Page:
Besides donations of a security system, cash, blankets, dog toys and medical supplies, All About Animals has a stack of dozens of applications from people who want to volunteer with the group.

“We’re getting support like never ever before,” Crawford said.

And there’s more, courtesy of the so-called irresponsible public:

Meanwhile, several Macon-area security companies stepped up to offer a free security system for the facility, which had no surveillance in place when the break-in happened. In addition, two people volunteered to each pay for a year of the monthly security bills.

Others helped out Friday by washing and walking the dogs, which [volunteer Carolyn] Yager said was “extremely helpful.”

Crawford said the rescue group has received at least $2,000 in cash donations, as well as offers to pay for the dogs’ medical bills and boarding. Some people have donated new locks for the facility, she said.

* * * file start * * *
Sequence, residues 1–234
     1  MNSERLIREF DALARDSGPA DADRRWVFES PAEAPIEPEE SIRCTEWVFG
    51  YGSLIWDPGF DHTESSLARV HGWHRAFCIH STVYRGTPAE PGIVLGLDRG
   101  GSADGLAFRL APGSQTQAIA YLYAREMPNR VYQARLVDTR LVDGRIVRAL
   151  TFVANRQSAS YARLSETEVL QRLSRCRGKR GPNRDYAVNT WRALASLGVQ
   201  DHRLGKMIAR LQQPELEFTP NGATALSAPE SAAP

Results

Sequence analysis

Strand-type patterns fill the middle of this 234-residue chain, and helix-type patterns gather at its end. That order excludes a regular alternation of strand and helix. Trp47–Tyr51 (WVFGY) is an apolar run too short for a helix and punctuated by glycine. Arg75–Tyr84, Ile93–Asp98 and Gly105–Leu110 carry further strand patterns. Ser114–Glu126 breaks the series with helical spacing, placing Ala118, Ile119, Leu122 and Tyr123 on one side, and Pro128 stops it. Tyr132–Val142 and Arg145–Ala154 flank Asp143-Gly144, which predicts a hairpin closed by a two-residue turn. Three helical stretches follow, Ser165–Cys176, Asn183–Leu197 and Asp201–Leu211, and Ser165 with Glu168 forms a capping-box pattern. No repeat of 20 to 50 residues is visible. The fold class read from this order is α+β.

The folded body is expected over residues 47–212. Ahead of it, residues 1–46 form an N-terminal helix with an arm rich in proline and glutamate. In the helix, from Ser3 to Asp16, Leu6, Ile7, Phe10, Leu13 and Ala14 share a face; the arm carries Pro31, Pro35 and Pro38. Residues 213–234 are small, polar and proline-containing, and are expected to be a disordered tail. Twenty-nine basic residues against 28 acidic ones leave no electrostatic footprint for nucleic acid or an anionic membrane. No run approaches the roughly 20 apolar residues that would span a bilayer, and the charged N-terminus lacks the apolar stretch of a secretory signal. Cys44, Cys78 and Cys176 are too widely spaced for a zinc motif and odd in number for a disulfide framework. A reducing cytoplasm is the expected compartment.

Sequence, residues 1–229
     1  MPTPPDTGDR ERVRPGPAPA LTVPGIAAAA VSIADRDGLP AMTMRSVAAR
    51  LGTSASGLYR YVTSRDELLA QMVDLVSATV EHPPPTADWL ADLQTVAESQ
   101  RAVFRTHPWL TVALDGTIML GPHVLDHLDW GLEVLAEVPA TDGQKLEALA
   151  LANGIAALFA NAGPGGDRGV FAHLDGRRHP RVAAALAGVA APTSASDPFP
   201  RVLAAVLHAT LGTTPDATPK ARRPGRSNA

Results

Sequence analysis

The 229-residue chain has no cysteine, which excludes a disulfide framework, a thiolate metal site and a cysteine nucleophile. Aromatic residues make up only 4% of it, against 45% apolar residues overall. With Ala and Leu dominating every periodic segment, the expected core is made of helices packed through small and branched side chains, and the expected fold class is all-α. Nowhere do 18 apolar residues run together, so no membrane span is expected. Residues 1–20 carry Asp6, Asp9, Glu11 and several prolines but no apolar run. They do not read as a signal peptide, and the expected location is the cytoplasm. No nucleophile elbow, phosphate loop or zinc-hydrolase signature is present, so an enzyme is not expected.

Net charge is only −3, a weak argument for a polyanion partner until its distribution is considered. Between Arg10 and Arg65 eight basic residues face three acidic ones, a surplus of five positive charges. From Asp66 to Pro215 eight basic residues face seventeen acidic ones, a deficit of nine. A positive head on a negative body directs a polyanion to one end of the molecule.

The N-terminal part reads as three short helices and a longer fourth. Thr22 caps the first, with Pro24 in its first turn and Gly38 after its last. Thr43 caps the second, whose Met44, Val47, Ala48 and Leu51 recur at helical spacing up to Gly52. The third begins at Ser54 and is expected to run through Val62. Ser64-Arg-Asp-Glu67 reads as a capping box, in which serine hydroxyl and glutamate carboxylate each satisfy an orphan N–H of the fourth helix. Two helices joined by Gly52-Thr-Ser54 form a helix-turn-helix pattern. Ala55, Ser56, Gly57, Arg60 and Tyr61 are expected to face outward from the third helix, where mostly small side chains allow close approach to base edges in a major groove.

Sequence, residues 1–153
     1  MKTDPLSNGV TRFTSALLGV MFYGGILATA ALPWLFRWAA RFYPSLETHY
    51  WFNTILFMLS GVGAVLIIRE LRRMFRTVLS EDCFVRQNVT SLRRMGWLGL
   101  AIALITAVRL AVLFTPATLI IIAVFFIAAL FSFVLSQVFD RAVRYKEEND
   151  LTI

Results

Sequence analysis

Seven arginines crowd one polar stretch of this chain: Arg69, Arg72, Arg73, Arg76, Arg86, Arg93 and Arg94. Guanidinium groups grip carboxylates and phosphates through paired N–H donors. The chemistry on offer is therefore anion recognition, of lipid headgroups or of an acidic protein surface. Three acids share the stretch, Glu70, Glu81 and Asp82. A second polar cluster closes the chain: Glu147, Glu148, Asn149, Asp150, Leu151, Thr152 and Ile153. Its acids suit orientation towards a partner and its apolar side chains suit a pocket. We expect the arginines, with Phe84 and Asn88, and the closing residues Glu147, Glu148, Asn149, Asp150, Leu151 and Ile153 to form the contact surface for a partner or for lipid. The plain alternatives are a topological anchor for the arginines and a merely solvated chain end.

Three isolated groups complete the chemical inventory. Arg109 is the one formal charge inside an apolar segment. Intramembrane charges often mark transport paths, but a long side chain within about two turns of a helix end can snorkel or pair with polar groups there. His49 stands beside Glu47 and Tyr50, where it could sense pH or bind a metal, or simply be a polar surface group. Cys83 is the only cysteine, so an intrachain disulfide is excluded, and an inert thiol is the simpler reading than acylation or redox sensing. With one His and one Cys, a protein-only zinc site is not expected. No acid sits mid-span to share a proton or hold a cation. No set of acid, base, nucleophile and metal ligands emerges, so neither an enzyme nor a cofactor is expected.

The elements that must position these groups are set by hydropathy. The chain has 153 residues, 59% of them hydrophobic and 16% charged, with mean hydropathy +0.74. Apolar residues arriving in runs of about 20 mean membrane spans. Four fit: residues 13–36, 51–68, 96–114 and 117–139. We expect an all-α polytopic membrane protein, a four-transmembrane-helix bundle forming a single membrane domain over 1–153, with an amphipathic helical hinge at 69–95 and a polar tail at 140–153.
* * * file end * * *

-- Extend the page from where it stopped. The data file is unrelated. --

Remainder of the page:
HSUS has given All About Animals a $2500 crisis grant to help with vet bills and renovations.

PETA, an organization opposed to no kill shelters, HSUS and the Atlanta Humane Society have each offered $5000 rewards for information leading to the arrest and conviction of those responsible for the break-in.  This money is in addition to $3000 contributed by local citizens bringing the current reward total to $18,000.

Anyone with information is asked to call Macon Regional CrimeStoppers at 877-68-CRIME.

(Thanks Clarice for sending me this story.)

Another Reason We Need Shelter Reform

On Tuesday of last week, I was driving home when I saw an emaciated dog running on a rural road.  As I slowed my car, she attempted to approach so I took it she was friendly.  I was very close to home at that point so decided to go get her something to eat.  We don’t personally have the resources to do the job our taxpayer funded shelter is supposed be doing, but we always try to help as best we are able.